Top Reasons to Visit Blake Island

Top Reasons to Visit Blake Island

Blake Island Marine State Park Aerial Shot

Blake Island Marine State Park,  a quick 45-minute boat ride away from downtown Seattle, is 475-acres of evergreens, history and fun! Whether you visit for the day or camp for the weekend, this secluded island (accessible only by boat) features views of the city skyline and the natural beauty of the Pacific Northwest. Below are four very good reasons to visit Seattle’s best kept secret.

1. The Wildlife

Explore the island's 15 miles of trails and you’re likely to spot bald eagles perched above you and deer grazing between the trees. Closer to the shore, geoducks announce themselves with sudden squirts of seawater, and an assortment of large shells are scattered over the rocky saltwater beach. If you’re an underwater adventurer, there’s a lesser-known scuba diver’s area on the southern shore. This artificial reef made up of cement debris is home to Elliott Bay’s underwater neighbors like rockfish, wolf eels and octopus.

2. The Activities

Blake Island is full of activities to satisfy any outdoor enthusiast. Get to the island by an Argosy boat and plan a day with Vashon Watersports on a guided kayak trip. Bring your camping gear and stay for the night on the island campground. Argosy's new Evergreen Excursion offers a variety of Island Activities like a Guided Walk through the trails and a tour of the Longhouse art and totem poles. No matter which activity you decide, families, couples and solo trippers can have an awesome day in a secluded island of wilderness.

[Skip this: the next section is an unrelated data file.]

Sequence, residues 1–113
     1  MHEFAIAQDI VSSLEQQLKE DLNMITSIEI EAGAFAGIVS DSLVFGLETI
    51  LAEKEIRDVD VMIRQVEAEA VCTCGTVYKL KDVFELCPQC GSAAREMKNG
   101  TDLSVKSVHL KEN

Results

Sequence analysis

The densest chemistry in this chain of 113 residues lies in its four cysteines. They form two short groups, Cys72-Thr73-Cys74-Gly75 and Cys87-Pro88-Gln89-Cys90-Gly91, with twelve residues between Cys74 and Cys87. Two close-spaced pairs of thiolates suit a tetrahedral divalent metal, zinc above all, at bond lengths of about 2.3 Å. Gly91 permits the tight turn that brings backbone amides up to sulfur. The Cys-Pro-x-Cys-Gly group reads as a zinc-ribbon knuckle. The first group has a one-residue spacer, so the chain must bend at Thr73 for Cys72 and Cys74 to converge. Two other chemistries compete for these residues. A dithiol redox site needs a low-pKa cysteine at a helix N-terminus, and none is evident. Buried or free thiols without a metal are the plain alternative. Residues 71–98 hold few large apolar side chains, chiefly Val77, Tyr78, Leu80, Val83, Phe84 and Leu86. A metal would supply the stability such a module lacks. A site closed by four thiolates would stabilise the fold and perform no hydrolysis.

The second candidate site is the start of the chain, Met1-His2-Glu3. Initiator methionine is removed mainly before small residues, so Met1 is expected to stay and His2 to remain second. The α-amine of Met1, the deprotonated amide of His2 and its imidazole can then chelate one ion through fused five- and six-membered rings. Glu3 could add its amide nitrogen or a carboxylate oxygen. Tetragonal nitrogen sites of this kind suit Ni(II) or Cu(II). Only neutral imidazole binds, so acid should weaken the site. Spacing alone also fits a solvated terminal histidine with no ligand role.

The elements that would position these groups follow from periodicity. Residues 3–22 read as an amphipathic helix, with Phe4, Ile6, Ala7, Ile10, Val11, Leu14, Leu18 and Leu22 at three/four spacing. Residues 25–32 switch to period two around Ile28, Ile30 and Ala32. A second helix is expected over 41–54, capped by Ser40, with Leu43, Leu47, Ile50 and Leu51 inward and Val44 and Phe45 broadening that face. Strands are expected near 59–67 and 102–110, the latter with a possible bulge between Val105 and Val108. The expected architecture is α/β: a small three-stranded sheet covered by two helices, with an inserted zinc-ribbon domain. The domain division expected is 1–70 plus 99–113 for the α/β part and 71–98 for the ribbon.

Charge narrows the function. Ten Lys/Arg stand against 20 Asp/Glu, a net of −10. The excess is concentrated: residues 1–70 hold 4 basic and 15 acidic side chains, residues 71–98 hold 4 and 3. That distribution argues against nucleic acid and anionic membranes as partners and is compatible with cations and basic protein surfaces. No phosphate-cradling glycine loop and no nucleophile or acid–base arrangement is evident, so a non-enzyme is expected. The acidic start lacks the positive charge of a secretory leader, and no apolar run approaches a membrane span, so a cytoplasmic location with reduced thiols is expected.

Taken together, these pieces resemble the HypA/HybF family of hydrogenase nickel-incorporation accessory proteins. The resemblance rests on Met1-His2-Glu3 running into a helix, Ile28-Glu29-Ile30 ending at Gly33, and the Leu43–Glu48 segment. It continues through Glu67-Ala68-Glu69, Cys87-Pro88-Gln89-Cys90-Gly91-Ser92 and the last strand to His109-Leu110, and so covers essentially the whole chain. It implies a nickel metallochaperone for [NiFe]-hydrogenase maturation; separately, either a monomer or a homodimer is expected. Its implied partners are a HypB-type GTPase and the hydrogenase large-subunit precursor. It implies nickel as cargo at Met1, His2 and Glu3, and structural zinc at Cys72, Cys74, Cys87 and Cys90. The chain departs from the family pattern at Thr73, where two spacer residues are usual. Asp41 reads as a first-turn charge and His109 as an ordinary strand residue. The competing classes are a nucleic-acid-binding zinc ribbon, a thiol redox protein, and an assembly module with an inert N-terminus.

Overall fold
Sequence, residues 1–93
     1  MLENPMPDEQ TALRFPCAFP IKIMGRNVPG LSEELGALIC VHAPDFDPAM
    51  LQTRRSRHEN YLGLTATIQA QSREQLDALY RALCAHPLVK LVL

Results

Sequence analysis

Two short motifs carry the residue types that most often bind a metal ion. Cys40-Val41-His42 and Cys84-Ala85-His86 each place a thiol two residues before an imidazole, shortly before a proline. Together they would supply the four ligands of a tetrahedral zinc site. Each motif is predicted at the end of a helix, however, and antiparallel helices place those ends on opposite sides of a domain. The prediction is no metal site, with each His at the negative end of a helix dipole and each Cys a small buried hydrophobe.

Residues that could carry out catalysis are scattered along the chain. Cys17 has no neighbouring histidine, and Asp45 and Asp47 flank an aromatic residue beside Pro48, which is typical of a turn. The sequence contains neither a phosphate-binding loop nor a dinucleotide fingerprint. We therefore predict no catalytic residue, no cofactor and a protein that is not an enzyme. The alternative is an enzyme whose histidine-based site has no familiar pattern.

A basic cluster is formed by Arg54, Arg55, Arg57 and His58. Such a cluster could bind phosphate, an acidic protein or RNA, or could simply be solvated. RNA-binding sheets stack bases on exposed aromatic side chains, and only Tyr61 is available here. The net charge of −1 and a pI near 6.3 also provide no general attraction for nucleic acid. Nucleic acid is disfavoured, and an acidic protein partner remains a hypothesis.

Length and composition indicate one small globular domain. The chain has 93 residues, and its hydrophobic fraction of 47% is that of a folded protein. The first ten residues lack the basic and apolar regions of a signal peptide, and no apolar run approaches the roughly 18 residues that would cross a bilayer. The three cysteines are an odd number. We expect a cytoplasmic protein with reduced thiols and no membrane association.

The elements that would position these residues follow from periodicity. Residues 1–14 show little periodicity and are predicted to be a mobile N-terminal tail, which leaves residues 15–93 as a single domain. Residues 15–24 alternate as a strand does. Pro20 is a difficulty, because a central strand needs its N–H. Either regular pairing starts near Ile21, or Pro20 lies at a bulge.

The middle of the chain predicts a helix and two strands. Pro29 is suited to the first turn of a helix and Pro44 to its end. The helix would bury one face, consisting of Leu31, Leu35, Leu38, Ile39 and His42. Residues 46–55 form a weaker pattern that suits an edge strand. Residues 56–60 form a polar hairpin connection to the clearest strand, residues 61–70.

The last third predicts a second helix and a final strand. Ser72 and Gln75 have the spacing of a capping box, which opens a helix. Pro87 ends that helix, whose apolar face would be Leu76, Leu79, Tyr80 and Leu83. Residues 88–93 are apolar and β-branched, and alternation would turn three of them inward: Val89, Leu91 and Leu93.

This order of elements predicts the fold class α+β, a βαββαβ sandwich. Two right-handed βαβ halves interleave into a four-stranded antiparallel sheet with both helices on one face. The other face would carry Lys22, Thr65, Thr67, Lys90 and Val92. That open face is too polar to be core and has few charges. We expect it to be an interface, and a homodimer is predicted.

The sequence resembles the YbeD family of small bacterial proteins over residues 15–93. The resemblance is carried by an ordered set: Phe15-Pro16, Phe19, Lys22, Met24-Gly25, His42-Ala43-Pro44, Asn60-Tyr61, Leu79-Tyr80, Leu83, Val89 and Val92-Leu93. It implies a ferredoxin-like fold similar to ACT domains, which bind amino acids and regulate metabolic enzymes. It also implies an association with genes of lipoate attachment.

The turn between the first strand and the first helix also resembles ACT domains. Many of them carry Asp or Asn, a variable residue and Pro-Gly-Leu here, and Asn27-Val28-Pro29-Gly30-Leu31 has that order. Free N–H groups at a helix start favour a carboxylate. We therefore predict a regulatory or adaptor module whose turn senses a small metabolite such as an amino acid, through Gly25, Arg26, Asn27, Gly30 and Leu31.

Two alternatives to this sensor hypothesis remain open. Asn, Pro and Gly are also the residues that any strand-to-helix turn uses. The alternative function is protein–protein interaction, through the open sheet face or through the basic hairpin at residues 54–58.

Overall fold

3. The Food

If you travel to the island by private boat, plan for lunch or early dinner at the Tillicum Longhouse. Famous for the alder fire-roasted fish and steamed clams, Tillicum offers a buffet stocked with Pacific Northwest flavors. Tillicum Bread, a dark wheat bread sourced from a local bakery in Kent, WA, is deliciously sweet, and one of the more popular items to bring home from the gift shop.

4. The History and Heritage

Blake Island was used by the ancestors of the Coast Salish Suquamish tribe as a camp ground, where they fished for salmon and harvested shellfish. Chief Si'ahl, whom Seattle is named after, is told to have been born here. Quickly after its discovery by Captain George Vancouver in 1792, the island was put to monetary use. Cedar and Fir trees were cut and shipped to the Bainbridge Island saw mill during the mid-1800's log boom. The island passed between owners for decades until finally in 1959, the deed was transferred to Washington State, who declared it a marine state park. Since its park status, new trees have grown, the island wildlife is protected, and the land of the Coast Salish continues to be celebrated.


Sources:, Parks.State.WA.US,